We’ve created the following video to guide you through the inner working of our Bitcoin Graphical Environment. We’ll follow the flow of our code and see which functions, classes and objects are required in order to send the «version» message.
The best way to make our code really useful is to add user interface to it. There is a lot of this that can only be taught and understood by looking at the code itself, bu there are also many things that the average user can learn about the Bitcoin protocol that can be explained in a more “human friendly” way. An that is way Alexis and I have decided to add a Graphical User Interface (GUI) to our project in hope that in the future we can create a full Bitcoin graphical environment.
We’ve added a new folder to hold our GUI files, the UI folder. This folder contains 3 implementations. The first one uses the Tkinter module, the second uses the pyQt module and the third is a simple command line interface (And this is why we’re calling this folder UI and not GUI). We still haven’t decided on the final implementation bu we believe that we’ll eventually go with only the pyQt implementation, basically because this one looks the best!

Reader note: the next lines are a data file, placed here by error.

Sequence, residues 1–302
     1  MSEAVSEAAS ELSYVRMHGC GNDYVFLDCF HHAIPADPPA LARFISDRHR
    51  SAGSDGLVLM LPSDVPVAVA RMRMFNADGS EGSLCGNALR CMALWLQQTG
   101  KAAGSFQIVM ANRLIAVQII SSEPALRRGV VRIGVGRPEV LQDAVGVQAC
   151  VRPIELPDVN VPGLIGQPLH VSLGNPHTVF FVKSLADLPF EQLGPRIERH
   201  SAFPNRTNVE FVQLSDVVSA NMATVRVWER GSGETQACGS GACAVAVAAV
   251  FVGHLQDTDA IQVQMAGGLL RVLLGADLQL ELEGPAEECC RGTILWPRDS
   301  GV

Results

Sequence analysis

This is what it looks like at the moment:
This is our basic design, At the bottom there’s a list of all the messages you can send: «version», «verack» and «ping» (More messages will be added soon). The left side keeps a record of all of the incoming messages, in the order in which they were received. Once we choose one of these messages, we can see at the right panel a display of the parsed message. The header and the payload.
Remember! this is just our first draft, but we’re quite proud of it. Little by little our project shows more and more potential.
Because we’re using pyQt5, you might need to install the pyQt5 module on your machine. The easiest way to do so will be to use the commend: